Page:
TSAS, for Triumph Semi Active Suspension, is WP’s version of semi-active suspension.©Motorcyclist

The TSAS Off-Road mode has softer preload settings and damping that is adjusted to manage any type of terrain. The system is even smart enough to recognize when you suddenly stumbled upon some gnarly surface and quickly switches to the off-road mode.

TSAS is designed with rider preference and control in mind. Each ride mode has a predetermined comfort setting, but it is easy to adjust the level of damping on the fly to match how you want the bike to respond to road conditions and handling—choose from nine steps ranging from Comfort to Sport. In this sense, Triumph’s approach is more like KTM’s, where ride modes preset suspension settings but they’re not locked into them. You can skew the suspension response inside any given ride mode. BMW, by contrast, gives fewer options for changing suspension action without also changing to a different ride mode.

In real-world use the system works really well to adapt the suspension to a wide range of conditions.

2016 Tiger Explorer Brembo brakes
The Tiger’s advanced ABS helps manage brake power and features two modes—Road and Off-Road—plus off.©Motorcyclist

Stopping Power
In the new Explorer, Triumph switched to radially mounted Brembo four-piston monoblock front brake calipers that clamp 305mm discs. Control and power are both superb, allowing fine trail-braking modulation at serious lean angles and confident off road speed control.

The Tiger’s advanced ABS helps manage brake power and features two modes—Road and Off-Road—plus off. But, the system is much more robust than just having three settings. The Road ABS mode links the rear brake with the front when using the front brake lever, but using the rear pedal only activates the rear brake. In Off-Road mode, applying the front and rear brakes or applying the front brake only activates ABS at both front and rear wheels. Applying the rear brake only does not activate any ABS, making brake steering possible. It turns out that the off-road ABS works so well to provide optimal brake force that it makes more sense to break old off-road habits by using the front brake only when a quick, controlled stop is necessary.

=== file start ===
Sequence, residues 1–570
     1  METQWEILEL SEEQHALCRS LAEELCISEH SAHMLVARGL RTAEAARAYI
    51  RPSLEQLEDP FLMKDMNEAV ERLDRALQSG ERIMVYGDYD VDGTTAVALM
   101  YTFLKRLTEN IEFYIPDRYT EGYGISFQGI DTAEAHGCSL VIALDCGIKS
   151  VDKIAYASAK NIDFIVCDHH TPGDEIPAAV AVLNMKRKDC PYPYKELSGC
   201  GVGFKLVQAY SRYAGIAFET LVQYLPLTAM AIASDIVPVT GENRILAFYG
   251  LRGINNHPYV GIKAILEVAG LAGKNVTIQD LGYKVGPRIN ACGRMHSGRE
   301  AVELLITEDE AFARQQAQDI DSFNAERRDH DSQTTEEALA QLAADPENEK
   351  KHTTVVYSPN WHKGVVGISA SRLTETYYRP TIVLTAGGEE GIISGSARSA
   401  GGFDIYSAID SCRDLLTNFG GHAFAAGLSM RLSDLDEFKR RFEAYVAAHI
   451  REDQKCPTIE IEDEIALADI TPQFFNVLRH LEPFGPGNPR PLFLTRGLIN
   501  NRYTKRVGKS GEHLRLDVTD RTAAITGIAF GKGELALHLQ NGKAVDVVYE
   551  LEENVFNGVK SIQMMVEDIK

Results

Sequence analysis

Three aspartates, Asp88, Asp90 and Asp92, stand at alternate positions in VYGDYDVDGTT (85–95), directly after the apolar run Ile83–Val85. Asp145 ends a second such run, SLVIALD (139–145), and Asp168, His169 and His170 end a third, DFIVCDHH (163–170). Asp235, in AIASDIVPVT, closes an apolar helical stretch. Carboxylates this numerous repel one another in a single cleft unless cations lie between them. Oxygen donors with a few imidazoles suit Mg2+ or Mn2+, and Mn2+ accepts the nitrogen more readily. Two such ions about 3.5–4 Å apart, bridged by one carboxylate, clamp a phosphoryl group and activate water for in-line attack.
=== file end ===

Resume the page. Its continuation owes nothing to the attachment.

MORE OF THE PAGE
2016 Tiger Explorer self-cancelling turn signals.
Mid-level models feature self-cancelling turn signals.©Motorcyclist

Not Technical But Nice
A few more notable features that come on all models include center stand, 12 volt and USB sockets and adjustable wind protection, with the mid-level models receiving self-cancelling turn signals and cruise control. The top models come standard with heated seats and grips, as well as a cool hill hold control, tire pressure monitoring system, and pannier mounts. Both top-spec versions have taller windscreens, while all models have electric windscreen adjusters.

2016 Tiger Explorer heated seats
The top models come standard with heated seats and grips, as well as a cool hill hold control, tire pressure monitoring system, and pannier mounts.©Motorcyclist
Tiger Explorer radiator guard
The XCa has an aluminum sump guard, LED auxiliary fog lights, machined footpegs and radiator guard shown here.©Motorcyclist

The XCa has an aluminum sump guard, radiator guard, LED auxiliary fog lights, and machined footpegs, while the XRt has engine guards. Most all of these options can be added to lower-spec models, as well as 50 Triumph-branded accessories, including hard and soft luggage designed for adventure tourers in mind.

First Ride Review of the 2016 Triumph Tiger Explorer: